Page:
5 Chocolate Facts

by Valerie Beck, chocolate expert

Cocoa beans, also called cacao, from which chocolate is made
Cocoa beans, also called cacao, from which chocolate is made
  1. Chocolate comes from fruit

Chocolate is made from cocoa beans – also called cacao – which are the seeds of the fruit of the cocoa tree, native to South America. That’s why real chocolate (artisan chocolate, not industrial chocolate) is high in antioxidants, magnesium, fiber, vitamins, and other nutrients, making it a “superfood.”

Askinosie chocolate bar, made from Ecuador cacao and topped with cocoa nibs
Askinosie chocolate bar, made from Ecuador cacao and topped with cocoa nibs
  1. Real chocolate is low in sugar

An entire bar of artisan dark chocolate has less sugar than one serving of commercial yogurt, tomato sauce, or breakfast cereal. “Bean-to-bar” chocolate, also called craft chocolate, is a back-to-basics trend resulting in delicious artisan chocolate. It’s made with only two ingredients: cocoa beans and sugar. There’s no need for palm oil, soy lecithin, or any harmful or unpronounceable ingredients!

Chocolate heart by Chocolatasm
Chocolate heart by Chocolatasm
  1. You don’t want to risk not eating chocolate

Artisan dark chocolate can lessen the risk of death by stroke and heart disease by up to 45% according to a recent study. Also, people who eat dark chocolate at least once a week have a lower body mass index than people who never eat chocolate, because cacao boosts your metabolism. Hence the name of my popular talk: “Eat Chocolate, Be Skinny!” Why are the health benefits in dark chocolate, by the way, and not milk chocolate? Because milk blocks the body’s ability to absorb chocolate’s nutrients.

Kids should go to school
Kids should go to school
  1. You can avoid slavery chocolate

Today, 70% of the world’s cacao comes from West Africa, where 2 million children are forced to work in hazardous conditions on cocoa farms, so that the developed world can have cheap chocolate. Moreover, most West African cocoa beans are of lower quality due to climate change and diseased cocoa trees. Choose fair trade or “ethical chocolate” instead of “slavery chocolate,” and look for labels that indicate the origin of the cacao, just as you would for wine or coffee. This way, you and your family will enjoy delicious and sustainably made chocolate that’s good for farmer, foodie, and field. Ethical chocolate costs more, but it lasts longer – you might eat a bar in a week, instead of 30 seconds – it’s better for your body, and it lets kids go to school instead of to unpaid labor.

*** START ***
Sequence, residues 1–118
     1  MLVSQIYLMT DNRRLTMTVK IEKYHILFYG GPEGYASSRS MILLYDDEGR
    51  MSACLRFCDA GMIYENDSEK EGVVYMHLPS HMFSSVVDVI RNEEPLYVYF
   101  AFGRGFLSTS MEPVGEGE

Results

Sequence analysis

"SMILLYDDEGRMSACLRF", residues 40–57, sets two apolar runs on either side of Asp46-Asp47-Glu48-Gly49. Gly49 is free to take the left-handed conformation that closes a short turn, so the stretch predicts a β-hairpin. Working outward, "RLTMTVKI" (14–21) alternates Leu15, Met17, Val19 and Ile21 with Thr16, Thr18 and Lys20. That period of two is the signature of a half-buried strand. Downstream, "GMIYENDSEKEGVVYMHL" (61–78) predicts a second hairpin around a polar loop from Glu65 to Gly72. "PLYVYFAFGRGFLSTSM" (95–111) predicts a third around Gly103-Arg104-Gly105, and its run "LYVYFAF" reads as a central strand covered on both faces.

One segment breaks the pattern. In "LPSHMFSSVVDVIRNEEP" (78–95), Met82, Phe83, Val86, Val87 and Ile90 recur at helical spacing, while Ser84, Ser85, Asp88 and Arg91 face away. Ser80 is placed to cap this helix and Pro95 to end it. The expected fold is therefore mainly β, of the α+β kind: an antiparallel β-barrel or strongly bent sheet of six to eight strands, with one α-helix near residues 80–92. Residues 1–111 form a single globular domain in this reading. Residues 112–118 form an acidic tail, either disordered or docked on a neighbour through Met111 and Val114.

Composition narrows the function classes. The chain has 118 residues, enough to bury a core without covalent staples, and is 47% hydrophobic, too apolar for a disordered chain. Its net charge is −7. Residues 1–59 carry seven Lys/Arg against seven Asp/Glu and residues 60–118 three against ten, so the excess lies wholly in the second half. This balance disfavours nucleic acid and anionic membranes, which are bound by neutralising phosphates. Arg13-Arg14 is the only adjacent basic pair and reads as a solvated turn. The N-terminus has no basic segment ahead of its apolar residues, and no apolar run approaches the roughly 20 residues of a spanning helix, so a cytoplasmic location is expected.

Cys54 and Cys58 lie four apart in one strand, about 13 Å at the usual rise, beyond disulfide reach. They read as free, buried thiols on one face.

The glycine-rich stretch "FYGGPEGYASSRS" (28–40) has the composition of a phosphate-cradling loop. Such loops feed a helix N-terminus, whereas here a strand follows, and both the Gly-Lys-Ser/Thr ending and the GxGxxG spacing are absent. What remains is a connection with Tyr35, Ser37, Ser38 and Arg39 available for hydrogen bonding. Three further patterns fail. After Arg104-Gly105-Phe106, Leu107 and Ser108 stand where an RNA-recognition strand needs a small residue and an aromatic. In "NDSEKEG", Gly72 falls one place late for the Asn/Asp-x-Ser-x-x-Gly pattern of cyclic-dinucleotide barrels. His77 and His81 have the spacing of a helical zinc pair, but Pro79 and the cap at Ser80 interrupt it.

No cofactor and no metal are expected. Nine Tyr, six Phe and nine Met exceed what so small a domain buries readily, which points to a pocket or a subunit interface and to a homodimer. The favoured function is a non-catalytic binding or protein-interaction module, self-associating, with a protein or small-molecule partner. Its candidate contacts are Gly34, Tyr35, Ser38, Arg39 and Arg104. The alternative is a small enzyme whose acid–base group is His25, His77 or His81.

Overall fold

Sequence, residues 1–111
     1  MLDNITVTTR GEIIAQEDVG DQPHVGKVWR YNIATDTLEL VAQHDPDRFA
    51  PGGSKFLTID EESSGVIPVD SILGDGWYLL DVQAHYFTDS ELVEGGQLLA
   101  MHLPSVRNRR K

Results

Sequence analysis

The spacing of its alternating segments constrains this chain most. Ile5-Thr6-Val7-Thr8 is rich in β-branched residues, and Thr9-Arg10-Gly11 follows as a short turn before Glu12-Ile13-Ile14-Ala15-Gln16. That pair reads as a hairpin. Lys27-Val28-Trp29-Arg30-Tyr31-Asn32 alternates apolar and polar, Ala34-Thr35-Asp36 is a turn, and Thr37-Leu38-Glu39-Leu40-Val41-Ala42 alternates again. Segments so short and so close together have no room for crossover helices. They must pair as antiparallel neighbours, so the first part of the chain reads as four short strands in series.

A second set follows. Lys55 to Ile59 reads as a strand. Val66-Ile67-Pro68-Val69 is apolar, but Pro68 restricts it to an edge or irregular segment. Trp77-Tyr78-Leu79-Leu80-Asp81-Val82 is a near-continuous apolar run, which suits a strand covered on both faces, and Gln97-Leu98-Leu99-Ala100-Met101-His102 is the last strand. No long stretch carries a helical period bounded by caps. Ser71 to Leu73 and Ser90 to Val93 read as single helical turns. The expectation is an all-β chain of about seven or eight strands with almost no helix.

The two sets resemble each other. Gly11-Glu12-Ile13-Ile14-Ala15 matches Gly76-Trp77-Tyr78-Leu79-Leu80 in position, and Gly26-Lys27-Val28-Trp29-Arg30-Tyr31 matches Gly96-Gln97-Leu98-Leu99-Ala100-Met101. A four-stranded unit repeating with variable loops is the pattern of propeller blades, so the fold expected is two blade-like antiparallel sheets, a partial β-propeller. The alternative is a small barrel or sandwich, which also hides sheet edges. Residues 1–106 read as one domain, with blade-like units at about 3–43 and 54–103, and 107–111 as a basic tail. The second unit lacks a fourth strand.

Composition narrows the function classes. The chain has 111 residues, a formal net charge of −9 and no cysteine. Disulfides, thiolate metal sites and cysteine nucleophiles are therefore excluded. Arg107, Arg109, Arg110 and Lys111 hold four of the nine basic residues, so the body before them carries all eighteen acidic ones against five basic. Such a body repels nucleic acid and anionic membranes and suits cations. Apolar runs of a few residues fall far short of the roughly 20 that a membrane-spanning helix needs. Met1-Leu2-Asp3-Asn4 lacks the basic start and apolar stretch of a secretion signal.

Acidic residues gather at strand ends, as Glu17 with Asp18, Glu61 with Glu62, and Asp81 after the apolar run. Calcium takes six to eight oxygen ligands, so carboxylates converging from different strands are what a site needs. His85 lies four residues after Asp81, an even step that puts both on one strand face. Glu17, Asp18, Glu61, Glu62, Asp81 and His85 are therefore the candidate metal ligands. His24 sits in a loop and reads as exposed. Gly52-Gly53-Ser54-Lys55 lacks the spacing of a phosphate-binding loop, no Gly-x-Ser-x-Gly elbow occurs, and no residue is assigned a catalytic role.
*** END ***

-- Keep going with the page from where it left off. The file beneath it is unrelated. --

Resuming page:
A small sample of the wide array of ethical chocolate
A small sample of the wide array of ethical chocolate
  1. The Chocolate Freedom Project is coming to a school or office near you

What is the Chocolate Freedom Project? It’s walking and talking to raise public awareness of where chocolate comes from. I’m planning to walk to Hershey, Pennsylvania, to raise awareness of child slavery on West African cocoa farms, and to promote ethical chocolate brands. Along the way, I’ll speak at schools, offices, chambers of commerce, and associations, and to food bloggers and community groups. Visit www.valeriebeckchocolateuplift.com, or contact me at chocolateuplift@gmail.com to schedule a presentation anywhere, schedule permitting.

Keep eating chocolate, and eat real chocolate!

Your friend in chocolate,

Valerie

3rd from right after speaking in Springfield Illinois
3rd from right after speaking in Springfield, Illinois
Fruit meets fruit with a Dorite doughnut at the Chicago Federal Plaza farmers market
Another way to enjoy fine chocolate: fruit meets fruit with a Dorite doughnut at the Chicago Federal Plaza farmers market
Handmade chocolate raspberry caramel candy bar by Whimsical Candy
Great chocolate is great in any delivery mechanism: handmade chocolate raspberry caramel candy bar by Whimsical Candy

Valerie Beck, The Chocolate Queen

CEO/Founder Chocolate Uplift

www.valeriebeckchocolateuplift.com

chocolateuplift@gmail.com

Instagram: @chocolateuplift

Leave a Reply

Fill in your details below or click an icon to log in:

WordPress.com Logo

You are commenting using your WordPress.com account. Log Out / Change )

Twitter picture

You are commenting using your Twitter account. Log Out / Change )

Facebook photo

You are commenting using your Facebook account. Log Out / Change )

Google+ photo

You are commenting using your Google+ account. Log Out / Change )

Connecting to %s